I’m not sure I completely agree with him. Yes, he wasn’t trying to paint lines as often as customary, but some of that had to do with the guy on the other side of the net. When Blake ran around his backhand, Gulbis wasn’t afraid to drive the next ball hard to Blake’s forehand corner, shifting him into scramble gear. Plus, I thought Blake took plenty of risks on his return of serve. He’s clearly a disciple of the Andre Agassi method – stand in and return with extreme prejudice. It makes for some great highlight shots, but it’s so difficult to maintain for a long match.

There’s an old tennis saying (this one is actually legitimate) in regards to strategy on the return of serve: 1st serve back, 2nd serve attack. It’s in line with the style that Federer employs to get himself into points. Blake clearly shifts the paradigm. For him it’s: 1st serve attack, 2nd serve disfigure. It’s hard to argue with the results because he’s gone further with his career than many expected. There are times, though, when you wish he wasn’t such a gambler.

Cue Nikolay Davydenko. I felt one of the biggest differences today in his win over Safin was he put more returns in play than the big fella. Once they got into even baseline exchanges, Davydenko was generally one stroke better. I have to give the guy credit, he was very impressive. From his feet brushing across the court to the tortured sounds he makes when hitting the ball, I’ve never heard effort quite like Davydenko. He’s such a hard worker I’m thinking of replacing the term with his name. For example: Bill from accounting is the first one in the office in the morning, the last to leave at night, and he never takes a lunch break. He’s a real Davydenko.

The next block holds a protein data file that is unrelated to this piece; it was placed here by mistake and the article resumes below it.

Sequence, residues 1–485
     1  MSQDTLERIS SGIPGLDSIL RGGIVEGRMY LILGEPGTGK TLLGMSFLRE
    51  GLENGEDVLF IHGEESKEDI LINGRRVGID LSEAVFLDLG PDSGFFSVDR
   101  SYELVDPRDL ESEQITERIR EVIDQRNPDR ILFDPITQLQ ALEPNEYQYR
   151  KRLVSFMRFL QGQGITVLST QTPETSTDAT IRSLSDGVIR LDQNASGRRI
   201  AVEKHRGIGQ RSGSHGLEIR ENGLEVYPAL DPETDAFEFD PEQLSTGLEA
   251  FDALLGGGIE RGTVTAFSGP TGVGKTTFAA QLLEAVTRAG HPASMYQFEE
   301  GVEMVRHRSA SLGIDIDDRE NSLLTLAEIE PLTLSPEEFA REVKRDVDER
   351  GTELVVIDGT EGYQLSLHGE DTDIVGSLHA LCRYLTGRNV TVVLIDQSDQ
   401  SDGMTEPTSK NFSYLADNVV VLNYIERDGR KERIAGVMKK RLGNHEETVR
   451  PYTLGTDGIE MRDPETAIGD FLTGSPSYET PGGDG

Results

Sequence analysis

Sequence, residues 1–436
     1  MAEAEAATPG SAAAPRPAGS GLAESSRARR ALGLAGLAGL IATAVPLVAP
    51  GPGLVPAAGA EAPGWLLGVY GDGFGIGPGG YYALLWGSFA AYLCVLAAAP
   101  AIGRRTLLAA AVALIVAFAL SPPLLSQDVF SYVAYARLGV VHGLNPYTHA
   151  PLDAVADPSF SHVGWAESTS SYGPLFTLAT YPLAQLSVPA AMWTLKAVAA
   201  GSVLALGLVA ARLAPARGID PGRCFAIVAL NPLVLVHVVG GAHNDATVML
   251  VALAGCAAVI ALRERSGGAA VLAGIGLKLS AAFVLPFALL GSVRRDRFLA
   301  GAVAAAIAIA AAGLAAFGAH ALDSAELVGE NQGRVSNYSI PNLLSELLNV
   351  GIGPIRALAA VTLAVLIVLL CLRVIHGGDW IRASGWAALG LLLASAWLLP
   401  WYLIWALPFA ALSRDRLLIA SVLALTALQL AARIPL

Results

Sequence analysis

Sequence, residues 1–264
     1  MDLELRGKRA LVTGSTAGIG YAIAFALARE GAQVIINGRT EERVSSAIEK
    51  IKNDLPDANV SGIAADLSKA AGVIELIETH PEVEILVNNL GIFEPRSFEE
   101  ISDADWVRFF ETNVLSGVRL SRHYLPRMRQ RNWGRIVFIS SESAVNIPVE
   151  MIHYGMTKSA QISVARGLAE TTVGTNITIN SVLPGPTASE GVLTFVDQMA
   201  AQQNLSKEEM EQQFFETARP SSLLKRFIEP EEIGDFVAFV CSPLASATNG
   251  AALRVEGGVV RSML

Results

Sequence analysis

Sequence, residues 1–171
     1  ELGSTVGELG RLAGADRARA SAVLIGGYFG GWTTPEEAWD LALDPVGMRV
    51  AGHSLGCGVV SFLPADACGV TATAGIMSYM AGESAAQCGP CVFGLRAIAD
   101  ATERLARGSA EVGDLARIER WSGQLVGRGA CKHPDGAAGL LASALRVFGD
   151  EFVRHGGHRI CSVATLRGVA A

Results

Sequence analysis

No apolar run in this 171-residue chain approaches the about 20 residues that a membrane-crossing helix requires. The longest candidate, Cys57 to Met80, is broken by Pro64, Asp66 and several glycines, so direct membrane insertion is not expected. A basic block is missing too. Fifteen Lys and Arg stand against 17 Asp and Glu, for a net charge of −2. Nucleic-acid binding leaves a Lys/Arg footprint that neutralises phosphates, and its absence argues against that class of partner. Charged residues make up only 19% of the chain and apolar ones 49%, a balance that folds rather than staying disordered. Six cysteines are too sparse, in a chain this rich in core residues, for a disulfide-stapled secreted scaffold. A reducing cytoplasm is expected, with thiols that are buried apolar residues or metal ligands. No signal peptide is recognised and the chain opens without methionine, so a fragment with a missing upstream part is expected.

The only indulgence he seems to allow himself is a white towel. A ball boy couldn’t find his white towel between points so another brought over a colored one and Davydenko nearly hit the kid with his racquet. He literally wouldn’t play until someone brought him a white towel. He’s the Linus of the ATP Tour. What he should really indulge in is some steak frites. It’s amazing how a guy who looks two-dimensional can hit his serve over 130 mph.

Tough day for Safin. Top to bottom Davydenko was just better. Safin actually did an admirable job of keeping his emotions in check. He did slam his racquet and launched a ball into the stands, but I think his respect for his opponent, and the occasion, kept him from going nuclear. I’ve been to the Bull Ring for several matches this year, and this was the first that attracted a hoard of journalists. (One leaned over to me and mentioned his favorite Safin moment, like yours, was the Mantilla mooning.) Even Marat’s mama was in attendance for the first set. After he lost in a tiebreaker, she bolted. What does that say to a child? I kept thinking of that crazy scene from There Will Be Blood – “I’ve abandoned my boy!”

For those who enjoyed the tales of Safin’s inner circle, the resumption of his first round match yesterday and today’s with Davydenko brought a new member to the group. A lanky, ultrathin, supermodel-type brunette wearing designer shades and pouty Angelina Jolie lips that…oh forget it. But you’re right, the women in Paris are an event unto themselves.  

It’s too bad you had to suffer through Mauresmo’s loss. I think the French fans have come to accept the reality that she’s not going to win this title. Don’t get me wrong, they’ll always pull for their Amelie. But when I was here in 2005 and she lost in third round (to a rising Ivanovic), it was a national tragedy. Today, it was just a feeling of inevitability. I hope she becomes more relevant again because I like her stylish game, but 2006 feels like a long time ago. Now that national burden gets relocated to the tiny shoulders of Alize Cornet. Does she ever launch herself into her forehand. I’m eager to see her next match with Radwanska, who impresses me more each time I watch her play.